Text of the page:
Thankfully, a person can take advantage of financial assistance programs. And BRING DOWN the expense to around $25-$20 for eligible candidates according to Joel Braunstein chief executive of C2N.
This is more affordable when compared with beta-amyloid tests using PET (positron- emission tomography) brain imaging which normally costs about $5,000 (not covered by insurance).
CSF (cerebrospinal fluid) samples typically cost anywhere from $800 to $ 1,000.
Reasons the Blood Test is Important
When compared to the difficult and invasive procedures, the blood test for dementia, opens up more exciting possibilities.
Not only for clinical use but therapeutic development explains Adam Boxer a neurologist who works at the University of California, San Francisco.
Blood tests are also very convenient. They can be collected in a person’s home or REMOTE LOCATIONS.
While there is still no medication for Alzheimer’s and other types of dementia, early tests that are readily available can enhance treatment.
They can allow affected persons to take appropriate measures to stay healthy, participate in clinical trials, and plan for their future.
Blood tests are also important because they can help identify the people who are at risk of developing the disease explains Mielke.
The rest can also be used to screen potential participants who can benefit from experimental drugs.
Elisabeth Thijssen a researcher studying blood biomarkers for Alzheimer’s at Amsterdam University Medical Centers in the Netherlands said that affordable blood tests can also lower the cost of clinical trials which will give an opportunity for potential treatments to be tested.
This can increase the chance of finally landing a cure.
How Effective is the Blood Test?
C2N reported that they used the Preclivity AD on 168 people. They then compared the results with those of PET scans.
When PET scans showed high amounts of amyloid-beta the blood test agreed 92% of the time.
If there was no amyloid shown after a PET scan, the blood test also gave similar results 77% of the time.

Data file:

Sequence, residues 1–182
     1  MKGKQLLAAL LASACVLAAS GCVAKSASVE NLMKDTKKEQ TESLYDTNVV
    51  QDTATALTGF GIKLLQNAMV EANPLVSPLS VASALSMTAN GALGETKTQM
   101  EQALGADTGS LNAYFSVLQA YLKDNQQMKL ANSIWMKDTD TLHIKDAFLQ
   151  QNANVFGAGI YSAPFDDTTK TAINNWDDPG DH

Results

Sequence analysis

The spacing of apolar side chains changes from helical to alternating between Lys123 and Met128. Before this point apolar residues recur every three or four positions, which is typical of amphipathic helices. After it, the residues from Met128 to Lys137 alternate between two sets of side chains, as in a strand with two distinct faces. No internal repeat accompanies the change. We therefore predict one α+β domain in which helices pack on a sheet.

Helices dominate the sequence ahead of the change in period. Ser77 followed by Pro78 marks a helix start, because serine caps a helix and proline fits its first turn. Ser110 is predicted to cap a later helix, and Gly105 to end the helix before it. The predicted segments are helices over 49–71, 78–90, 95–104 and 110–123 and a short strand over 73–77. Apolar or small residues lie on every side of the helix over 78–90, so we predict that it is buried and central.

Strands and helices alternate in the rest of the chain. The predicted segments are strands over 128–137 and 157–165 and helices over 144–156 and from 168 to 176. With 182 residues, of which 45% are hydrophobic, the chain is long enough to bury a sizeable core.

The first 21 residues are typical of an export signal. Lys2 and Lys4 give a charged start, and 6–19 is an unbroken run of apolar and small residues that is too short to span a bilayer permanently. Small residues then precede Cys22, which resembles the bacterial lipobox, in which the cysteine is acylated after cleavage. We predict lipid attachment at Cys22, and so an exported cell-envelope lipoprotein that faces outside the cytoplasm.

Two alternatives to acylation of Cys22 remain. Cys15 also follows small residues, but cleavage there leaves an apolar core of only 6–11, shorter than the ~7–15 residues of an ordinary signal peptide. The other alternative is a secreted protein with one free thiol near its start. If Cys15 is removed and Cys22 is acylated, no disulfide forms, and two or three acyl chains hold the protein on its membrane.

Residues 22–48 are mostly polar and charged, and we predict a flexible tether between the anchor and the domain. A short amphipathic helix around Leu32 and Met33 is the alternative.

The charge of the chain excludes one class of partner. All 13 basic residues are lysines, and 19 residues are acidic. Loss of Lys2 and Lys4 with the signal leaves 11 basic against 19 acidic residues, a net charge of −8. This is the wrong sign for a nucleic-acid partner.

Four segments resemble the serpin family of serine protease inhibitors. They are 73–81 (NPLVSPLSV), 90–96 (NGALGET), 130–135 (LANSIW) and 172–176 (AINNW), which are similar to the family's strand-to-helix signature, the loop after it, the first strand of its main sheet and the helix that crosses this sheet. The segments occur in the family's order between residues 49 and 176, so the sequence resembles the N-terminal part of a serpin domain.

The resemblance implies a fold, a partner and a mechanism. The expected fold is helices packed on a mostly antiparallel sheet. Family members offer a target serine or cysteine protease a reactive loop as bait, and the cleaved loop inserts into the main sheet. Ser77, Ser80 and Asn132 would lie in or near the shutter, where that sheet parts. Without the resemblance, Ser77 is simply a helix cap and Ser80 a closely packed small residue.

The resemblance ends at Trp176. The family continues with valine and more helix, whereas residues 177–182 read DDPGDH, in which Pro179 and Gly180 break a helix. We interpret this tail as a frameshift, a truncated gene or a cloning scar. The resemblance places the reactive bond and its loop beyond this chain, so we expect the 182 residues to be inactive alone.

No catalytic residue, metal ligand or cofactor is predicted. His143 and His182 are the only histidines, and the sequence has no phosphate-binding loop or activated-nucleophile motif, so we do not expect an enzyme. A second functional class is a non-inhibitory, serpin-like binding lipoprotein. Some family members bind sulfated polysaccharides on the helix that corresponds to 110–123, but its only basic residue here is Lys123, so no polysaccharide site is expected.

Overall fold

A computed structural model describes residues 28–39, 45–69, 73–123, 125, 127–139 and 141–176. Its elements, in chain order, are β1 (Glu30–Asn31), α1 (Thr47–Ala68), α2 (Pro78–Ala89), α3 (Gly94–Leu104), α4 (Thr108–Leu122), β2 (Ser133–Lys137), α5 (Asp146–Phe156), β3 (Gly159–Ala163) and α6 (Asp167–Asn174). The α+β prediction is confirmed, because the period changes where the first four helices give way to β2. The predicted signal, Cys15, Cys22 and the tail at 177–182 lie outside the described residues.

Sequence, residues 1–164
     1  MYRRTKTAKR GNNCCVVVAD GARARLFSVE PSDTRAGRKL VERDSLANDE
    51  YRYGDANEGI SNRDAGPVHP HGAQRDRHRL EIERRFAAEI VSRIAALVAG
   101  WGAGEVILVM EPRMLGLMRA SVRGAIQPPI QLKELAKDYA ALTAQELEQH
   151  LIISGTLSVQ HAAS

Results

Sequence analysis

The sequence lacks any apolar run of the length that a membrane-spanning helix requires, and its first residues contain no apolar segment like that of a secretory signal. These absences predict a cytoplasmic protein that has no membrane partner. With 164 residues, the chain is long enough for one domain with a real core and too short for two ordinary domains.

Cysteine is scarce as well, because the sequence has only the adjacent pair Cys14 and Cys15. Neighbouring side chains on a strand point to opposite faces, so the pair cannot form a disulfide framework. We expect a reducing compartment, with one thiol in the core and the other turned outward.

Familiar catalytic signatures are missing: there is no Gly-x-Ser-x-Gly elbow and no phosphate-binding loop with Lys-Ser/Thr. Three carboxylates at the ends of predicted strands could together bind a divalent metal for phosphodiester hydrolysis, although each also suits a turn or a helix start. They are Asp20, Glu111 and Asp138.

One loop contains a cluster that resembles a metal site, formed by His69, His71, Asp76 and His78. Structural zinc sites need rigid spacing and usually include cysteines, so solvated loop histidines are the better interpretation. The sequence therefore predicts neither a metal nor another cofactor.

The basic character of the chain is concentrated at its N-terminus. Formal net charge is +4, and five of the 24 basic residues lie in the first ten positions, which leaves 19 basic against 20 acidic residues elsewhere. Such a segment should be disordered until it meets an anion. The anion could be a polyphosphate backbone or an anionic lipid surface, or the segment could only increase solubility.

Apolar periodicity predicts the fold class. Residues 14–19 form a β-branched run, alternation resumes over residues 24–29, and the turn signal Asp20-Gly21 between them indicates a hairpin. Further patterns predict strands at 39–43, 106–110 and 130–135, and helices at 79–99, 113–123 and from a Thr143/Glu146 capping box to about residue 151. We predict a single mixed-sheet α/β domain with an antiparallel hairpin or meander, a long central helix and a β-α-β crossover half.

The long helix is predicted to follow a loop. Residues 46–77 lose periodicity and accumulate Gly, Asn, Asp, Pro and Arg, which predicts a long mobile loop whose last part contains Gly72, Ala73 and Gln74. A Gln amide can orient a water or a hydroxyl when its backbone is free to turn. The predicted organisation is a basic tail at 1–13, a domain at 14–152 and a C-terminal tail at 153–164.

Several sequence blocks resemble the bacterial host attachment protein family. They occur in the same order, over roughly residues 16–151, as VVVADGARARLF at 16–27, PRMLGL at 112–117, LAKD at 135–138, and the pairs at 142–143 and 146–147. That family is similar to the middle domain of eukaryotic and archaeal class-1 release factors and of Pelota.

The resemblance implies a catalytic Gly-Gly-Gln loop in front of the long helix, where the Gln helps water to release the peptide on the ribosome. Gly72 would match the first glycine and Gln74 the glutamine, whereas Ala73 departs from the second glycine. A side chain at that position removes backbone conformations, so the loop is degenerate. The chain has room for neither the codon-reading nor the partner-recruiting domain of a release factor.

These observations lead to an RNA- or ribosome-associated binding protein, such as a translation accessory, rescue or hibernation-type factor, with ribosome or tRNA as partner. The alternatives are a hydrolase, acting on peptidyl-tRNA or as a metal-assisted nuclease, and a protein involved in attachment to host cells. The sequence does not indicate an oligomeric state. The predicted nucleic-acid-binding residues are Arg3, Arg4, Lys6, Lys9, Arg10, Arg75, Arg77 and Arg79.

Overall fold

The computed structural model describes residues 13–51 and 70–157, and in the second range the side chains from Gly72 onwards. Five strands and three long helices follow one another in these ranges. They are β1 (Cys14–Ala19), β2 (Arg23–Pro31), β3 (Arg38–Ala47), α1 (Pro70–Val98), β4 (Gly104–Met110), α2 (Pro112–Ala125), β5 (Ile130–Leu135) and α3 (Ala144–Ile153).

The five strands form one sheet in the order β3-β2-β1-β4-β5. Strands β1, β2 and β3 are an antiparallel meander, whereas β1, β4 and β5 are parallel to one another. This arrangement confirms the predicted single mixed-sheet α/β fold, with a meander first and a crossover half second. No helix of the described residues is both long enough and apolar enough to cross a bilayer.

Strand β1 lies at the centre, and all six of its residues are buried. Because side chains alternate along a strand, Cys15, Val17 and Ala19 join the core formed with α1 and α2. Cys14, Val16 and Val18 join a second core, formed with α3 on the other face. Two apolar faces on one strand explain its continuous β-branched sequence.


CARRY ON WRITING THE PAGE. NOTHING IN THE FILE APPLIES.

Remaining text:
Are there any other Blood Tests for Alzheimer’s?
There is another blood test for dementia that is showing great potential for diagnosing the progressive illness.
It is known as Simoa which stands for “single-molecule array.”
This is also designed to test if there are any proteins in the blood plasma. This test can detect a protein known as ptau181 which has been linked to some of the changes that dementia causes in the brain.
Various studies revealed that Simoa is as effective at predicting dementia development as a spinal tap and PET scans.
The Simoa blood test, however, ELIMINATES the pain, cost, and radioactivity that are associated with the other tests.
Simoa can also detect upcoming changes in the brain that are caused by dementia for both short and long-term i.e. 15 months and 4 years respectively.
At the moment, researchers are using this technology to identify ideal candidates for clinical trials because it is not yet available for many people with the illness.
Apart from Simoa, there are other types of blood tests that are still in development.
Other blood tests
Some are looking into fatty amides or protective fats in the blood.
Studies indicate that if there are increased levels of fatty amide in the blood, it may be an indication of the accumulation of beta-amyloid in the brain.
Researchers are also working on blood tests that will measure other proteins like the NfL (neurofilament light chain) and tau proteins.
Experts claim that brain cell (neuron) death COMMON with individuals with Alzheimer’s may be detected by an increase of the proteins in the blood.
The introduction of the blood test for dementia WILL revolutionize the diagnosis of Alzheimer’s and other forms of dementia.
The blood tests will hopefully offer a definitive diagnosis. It will HELP to ELIMINATE the time, pain, and uncertainty of diagnosing the illness.
When the tests become popular, they will have a huge impact on how doctors diagnose dementia.
This may also change the course of treatment. Instead of symptom management, medics may start focusing on the prevention as well as delaying the progression of the disease.
For instance, there may be a possibility that medication can lessen the accumulation of plaques in the brain.